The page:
Dutch strict towards Greek aid package

Netherlands Institute of International Relations ‘Clingendael’

Simone Wolters and Arnout Mijs
 
Ever since the full extent of the Greek deficit crisis has become clear, the Dutch government has been a proponent of the involvement of the International Monetary Fund (IMF) in case of emergency aid.[1] After the informal Council summit in February 2010, the Dutch parliament stated that Greece is the only one to blame for its high budget deficit and financial support would be inappropriate. Former Finance Minister Bos agreed on this point and shared the opinion that Greece carries the responsibility for solving this crisis.[2]
 
In March 2010, the Netherlands, together with Germany, stated its opposition to direct emergency aid for Greece by the Eurogroup member states. According to the Dutch government, Greece should first introduce severe budget cuts and request IMF support.[3] Prime Minister Jan Peter Balkenende stated that in case of financial support “the IMF always has to take part.”He underlined that Greece created its own financial problems and should solve them by taking drastic measures.[4] Both houses of parliament also favoured IMF interference. On 18 March 2010, the parliament did not give permission to negotiate on a European solution for the Greek problem. Both chambers stated that IMF intervention should take place first, and only if it does should help be offered by the Eurozone countries.[5]
 
On 7 May 2010, the second chamber had to come back from spring recess to vote on the European support package for the Greeks. The agreement to support Greece with 4.7 billion Euros was sensitive, because the political parties tried to stave off the appearance that Greece was rewarded for what they considered financial misbehaviour. The Christian Democrats (Christian Democratic Appeal – CDA), Social Democrats (Dutch Labour Party – PvdA) and Greens stated that financial aid to Greece was inevitable.[6] On 7 May 2010, Prime Minister Balkenende, at the Eurogroup summit, called the support package “inevitable and necessary.”[7] Support was needed to keep the Euro stable. He stressed that Greece has to take enormous measures in return for the loans. According to Balkenende, more severe punishment of countries that do not adhere to the EU-budget rules would be a good signal.[8]
 
On 10 May 2010, the Dutch parliament gave its support to the emergency aid plan of 720 billion Euros aimed at stabilising the Euro despite critical remarks from a large part of the opposition (PvdA, the Socialist Party – SP, Party for Freedom – PVV, and GroenLinks).[9] The Dutch political parties see the rescue package as a necessary evil and demand certain guarantees from EU member states with big budget deficits in exchange for their support. The Netherlands will guarantee 26 billion Euros in loans.[10] During the negotiations in the night of 9 to 10 May 2010, the Dutch government refused to give a blank cheque to save what they consider the financially irresponsible Mediterranean countries. As a result, the decision on bank guarantees will have to be taken by unanimity.[11] The Netherlands is against EU involvement in national budget policy.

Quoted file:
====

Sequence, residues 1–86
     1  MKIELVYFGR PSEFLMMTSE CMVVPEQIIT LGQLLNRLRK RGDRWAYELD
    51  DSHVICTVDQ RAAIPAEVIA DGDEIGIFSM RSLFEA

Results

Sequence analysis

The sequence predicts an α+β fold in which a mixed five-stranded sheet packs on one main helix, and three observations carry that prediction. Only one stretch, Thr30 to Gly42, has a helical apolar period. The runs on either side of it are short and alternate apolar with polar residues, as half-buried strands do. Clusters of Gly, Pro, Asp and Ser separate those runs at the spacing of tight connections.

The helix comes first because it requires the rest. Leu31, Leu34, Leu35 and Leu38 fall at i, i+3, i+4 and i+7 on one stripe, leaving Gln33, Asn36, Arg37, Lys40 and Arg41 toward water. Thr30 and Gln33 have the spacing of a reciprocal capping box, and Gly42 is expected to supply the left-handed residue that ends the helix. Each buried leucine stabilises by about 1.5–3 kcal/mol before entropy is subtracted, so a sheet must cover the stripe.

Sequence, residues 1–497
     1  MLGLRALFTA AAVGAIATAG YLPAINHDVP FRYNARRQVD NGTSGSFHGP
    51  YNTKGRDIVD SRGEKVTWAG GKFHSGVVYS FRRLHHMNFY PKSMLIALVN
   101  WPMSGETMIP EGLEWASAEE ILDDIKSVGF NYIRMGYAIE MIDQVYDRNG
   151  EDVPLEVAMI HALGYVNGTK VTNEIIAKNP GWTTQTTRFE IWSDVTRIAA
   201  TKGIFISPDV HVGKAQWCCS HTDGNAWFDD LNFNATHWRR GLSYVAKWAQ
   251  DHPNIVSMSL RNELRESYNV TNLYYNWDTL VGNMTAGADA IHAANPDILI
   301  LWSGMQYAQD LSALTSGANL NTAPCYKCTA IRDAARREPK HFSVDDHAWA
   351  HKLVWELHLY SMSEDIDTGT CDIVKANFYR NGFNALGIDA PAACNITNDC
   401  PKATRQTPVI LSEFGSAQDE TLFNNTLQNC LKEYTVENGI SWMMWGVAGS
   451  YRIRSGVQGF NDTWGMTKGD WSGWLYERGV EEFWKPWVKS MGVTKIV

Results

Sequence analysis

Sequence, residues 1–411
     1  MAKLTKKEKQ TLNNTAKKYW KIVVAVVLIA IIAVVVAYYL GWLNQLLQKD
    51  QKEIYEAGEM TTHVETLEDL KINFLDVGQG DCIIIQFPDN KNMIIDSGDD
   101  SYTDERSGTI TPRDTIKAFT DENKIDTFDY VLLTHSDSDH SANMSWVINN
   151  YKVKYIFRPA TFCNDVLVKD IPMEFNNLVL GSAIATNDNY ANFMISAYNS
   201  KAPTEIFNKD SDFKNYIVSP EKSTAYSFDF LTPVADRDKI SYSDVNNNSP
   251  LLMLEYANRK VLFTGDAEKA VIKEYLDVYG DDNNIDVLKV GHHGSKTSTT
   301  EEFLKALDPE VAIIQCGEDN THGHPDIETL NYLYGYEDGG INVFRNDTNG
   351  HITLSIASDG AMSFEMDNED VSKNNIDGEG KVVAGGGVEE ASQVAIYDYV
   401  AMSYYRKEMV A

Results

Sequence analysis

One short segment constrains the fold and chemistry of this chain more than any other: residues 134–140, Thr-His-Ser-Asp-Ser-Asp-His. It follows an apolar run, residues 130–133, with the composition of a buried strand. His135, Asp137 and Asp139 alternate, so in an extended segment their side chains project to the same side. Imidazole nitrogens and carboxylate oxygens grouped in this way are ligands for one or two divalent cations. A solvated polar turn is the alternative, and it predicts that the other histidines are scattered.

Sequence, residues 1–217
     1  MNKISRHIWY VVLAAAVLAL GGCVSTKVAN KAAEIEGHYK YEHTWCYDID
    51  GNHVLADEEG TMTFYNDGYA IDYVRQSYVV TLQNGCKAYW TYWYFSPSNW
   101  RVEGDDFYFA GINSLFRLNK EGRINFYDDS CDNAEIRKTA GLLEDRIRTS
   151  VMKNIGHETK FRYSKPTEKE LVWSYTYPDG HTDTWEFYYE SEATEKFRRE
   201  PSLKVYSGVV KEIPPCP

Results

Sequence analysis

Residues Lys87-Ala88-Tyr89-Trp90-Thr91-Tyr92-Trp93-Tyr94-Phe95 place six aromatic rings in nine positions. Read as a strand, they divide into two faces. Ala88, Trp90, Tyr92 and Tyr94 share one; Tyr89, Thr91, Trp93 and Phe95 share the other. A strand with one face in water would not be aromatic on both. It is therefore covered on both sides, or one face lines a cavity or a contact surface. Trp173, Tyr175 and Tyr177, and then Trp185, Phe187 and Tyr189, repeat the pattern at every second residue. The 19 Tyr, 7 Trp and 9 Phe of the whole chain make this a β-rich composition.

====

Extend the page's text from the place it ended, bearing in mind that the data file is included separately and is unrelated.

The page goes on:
In General, the Dutch media has devoted considerable attention to the developments of the Greek deficit crisis. A considerable number of articles give an overview of the measures taken and opinions prevailing in other EU member states.
 
According to Foreign Minister Verhagen, the Stability and Growth Pact (SGP) has not been able to avoid the escalation of the budgetary situation in certain member states, including Greece: “This indicates that we will actually need more SGP instead of less”.[12] Reinforcement of the SGP could be accomplished by stronger supervision, a stronger and independent role for Eurostat and a tightening of sanctions. The nature of these sanctions and the moment of their application should be discussed by the taskforce of the President of the European Council Herman Van Rompuy.[13]
 
Economic governance
 
Finance Minister Jan Kees De Jager is an opponent of the proposal to give the Commission more rights in supervising the national budgets of member states. According to De Jager, the national budget sovereignty of the EU member states would be infringed upon by implementing these kinds of measures. Giving the Commission insight into Dutch long-range budget estimates would not be a problem. The Finance Minister underlined that member states with large budget deficits should be dealt with much more severely. De Jager is a proponent of handing over control of budget rules to an independent institution in order to take the issue out of the political realm.[14]
 
According to Minister Verhagen, it is necessary to take measures that will make the existing rules more respected. This is much more important than thinking about new institutions like a European Monetary Fund. Economic cooperation in the EU will ask for a fundamental debate. Verhagen is in favour of automatic enforcement of penalties/fines when the SGP is violated, instead of the current decision making procedure by the Council. He is a supporter of freezing cohesion funds when needed. The Minister has a critical opinion on a permanent emergency fund because this will relieve the responsibility of the member states for healthy government budgets.[15]
 
Europe 2020 overshadowed by current events
 
The Dutch government welcomes the Europe 2020 Strategy: “In particular, it welcomes the focus on education, knowledge and (green) innovation, the importance of employment policy and macro-economic imbalances.”[16]